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Treasury Department Sells Its Stake In GM


Some of the most controversial investments ever made by the federal government are winding down. The Treasury Department sold its last shares of General Motors yesterday. That gets the U.S. out of the auto business.


The federal bailouts - first of the financial industry, then of auto companies - were fiercely criticized, not least because they were hugely expensive. But after a lapse of time, the price tag for the bailouts has started to look different.

INSKEEP: On the GM investment, the U.S. put in around $50 billion, but got 39 billion back. In the broader Troubled Asset Relief Program, or TARP, the U.S. has now realized an $11 billion profit.

NPR's Sonari Glinton reports.

SONARI GLINTON, BYLINE: It was definitely not a sure thing that Washington would bail out the auto industry. During one Senate debate, majority leader Democrat Harry Reid outlined what a car industry bankruptcy would look like.


GLINTON: On the other side, Alabama Republican Richard Shelby.


MICHELLE KREBS: I remember watching the congressional hearings.

GLINTON: That's Michelle Krebs. She's an auto analyst with

KREBS: And then being here in Detroit and just feeling this sense of doom, that we all may lose our job, any of us who had any kind of relationship with the auto industry.

GLINTON: Washington eventually came to Detroit's aid when the bailout was rolled into TARP during the Bush administration, and GM and Chrysler were shepherded through bankruptcy by the Obama administration. It became a centerpiece of the presidential campaign.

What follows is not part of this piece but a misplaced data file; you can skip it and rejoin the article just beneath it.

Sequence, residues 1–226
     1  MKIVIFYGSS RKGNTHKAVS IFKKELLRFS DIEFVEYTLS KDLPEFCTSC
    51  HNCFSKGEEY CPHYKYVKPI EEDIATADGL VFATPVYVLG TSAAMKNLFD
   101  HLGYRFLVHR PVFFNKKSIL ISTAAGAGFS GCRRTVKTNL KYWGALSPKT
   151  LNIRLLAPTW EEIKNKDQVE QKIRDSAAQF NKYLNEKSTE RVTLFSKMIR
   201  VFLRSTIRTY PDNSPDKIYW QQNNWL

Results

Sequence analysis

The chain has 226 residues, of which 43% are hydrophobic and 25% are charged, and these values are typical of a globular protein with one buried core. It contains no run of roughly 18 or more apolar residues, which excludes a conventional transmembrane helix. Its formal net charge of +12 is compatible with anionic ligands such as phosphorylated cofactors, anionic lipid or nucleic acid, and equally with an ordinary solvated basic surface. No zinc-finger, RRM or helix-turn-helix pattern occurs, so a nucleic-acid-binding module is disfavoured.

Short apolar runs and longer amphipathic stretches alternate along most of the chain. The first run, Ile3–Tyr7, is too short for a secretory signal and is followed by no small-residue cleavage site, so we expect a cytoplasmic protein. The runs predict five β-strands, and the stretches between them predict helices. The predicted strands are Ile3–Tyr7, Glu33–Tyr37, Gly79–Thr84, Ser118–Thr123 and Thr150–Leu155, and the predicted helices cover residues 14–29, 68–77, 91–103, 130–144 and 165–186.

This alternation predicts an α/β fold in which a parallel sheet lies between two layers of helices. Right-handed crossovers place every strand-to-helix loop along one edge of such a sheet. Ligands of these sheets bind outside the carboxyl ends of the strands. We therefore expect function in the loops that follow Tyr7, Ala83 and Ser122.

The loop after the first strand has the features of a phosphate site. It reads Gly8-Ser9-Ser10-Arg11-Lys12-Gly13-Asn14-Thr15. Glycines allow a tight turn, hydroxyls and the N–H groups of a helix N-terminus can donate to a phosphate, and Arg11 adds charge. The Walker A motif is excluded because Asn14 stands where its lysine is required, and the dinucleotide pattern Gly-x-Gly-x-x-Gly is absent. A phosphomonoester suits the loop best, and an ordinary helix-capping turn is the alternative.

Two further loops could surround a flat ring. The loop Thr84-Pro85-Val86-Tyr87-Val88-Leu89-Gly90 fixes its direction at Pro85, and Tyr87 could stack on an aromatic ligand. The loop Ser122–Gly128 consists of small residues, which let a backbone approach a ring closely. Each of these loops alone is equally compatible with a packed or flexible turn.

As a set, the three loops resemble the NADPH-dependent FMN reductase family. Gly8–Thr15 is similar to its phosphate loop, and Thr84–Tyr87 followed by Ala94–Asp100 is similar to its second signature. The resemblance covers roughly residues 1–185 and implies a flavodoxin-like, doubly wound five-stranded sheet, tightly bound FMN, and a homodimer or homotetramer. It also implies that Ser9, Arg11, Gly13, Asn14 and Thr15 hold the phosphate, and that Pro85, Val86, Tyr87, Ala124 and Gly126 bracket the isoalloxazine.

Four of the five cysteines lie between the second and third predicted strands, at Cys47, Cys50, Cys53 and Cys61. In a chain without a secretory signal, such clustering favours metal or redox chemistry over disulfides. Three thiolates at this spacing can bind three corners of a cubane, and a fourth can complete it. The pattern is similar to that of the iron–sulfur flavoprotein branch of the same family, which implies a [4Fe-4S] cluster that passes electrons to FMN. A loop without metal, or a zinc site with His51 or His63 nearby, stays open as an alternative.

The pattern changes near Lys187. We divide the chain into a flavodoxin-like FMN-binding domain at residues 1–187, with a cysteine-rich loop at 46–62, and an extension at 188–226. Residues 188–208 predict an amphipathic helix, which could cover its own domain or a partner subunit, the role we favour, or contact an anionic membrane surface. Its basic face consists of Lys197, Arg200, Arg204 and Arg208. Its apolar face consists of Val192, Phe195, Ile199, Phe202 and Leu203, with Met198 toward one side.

Here's the thing: While GM was everyone's punching bag, and politicians debated the merits of the bailout, Stephanie Brinley of IHS Automotive says GM focused on the car business.

STEPHANIE BRINLEY: They are more competitive. They are building better product. They are listening to their customers more and recognizing that they need to be profitable in all car sectors, not just profitable in trucks.

GLINTON: The company got smaller, slashing brands like Pontiac and Saturn, cutting tens of thousand of white and blue-collar jobs.

Brinley says the company has gotten nimble. It's also gotten an attitude adjustment.

KREBS: There was definitely some corporate arrogance that said that if we build it, they'll just to come to us. And it took them a while to fully absorb that that was no longer the case. They needed to be more competitive than they were.

GLINTON: GM repaid its loans to the government ahead of time in 2010, and the government sold off the last of its shares in General Motors yesterday.

Treasury lost about $10 billion in the deal, though administration officials point out that overall, TARP - which the car bailout was part of - has taken in more funds than it originally dispersed.

Michelle Krebs with Edmunds says an aftereffect of the GM bailout is that the industry, as a whole, has gotten more disciplined.

KREBS: I think that the lesson learned is: You must produce compelling products that consumers really want to buy, and want to buy not just because you discounted it. That been a really significant lesson.

GLINTON: It took a bankruptcy to teach them that?

KREBS: Well, maybe. You know, I don't know.

GLINTON: I guess that's one for the academics, or the politicians.

Sonari Glinton, NPR News.

INSKEEP: And we have some more General Motors news this morning. The company has a new CEO. Her name is Mary Barra. She will take over at the start of next year, and will be the first woman to lead a major automaker. Transcript provided by NPR, Copyright NPR.

Sonari Glinton is a NPR Business Desk Correspondent based at our NPR West bureau. He covers the auto industry, consumer goods, and consumer behavior, as well as marketing and advertising for NPR and Planet Money.
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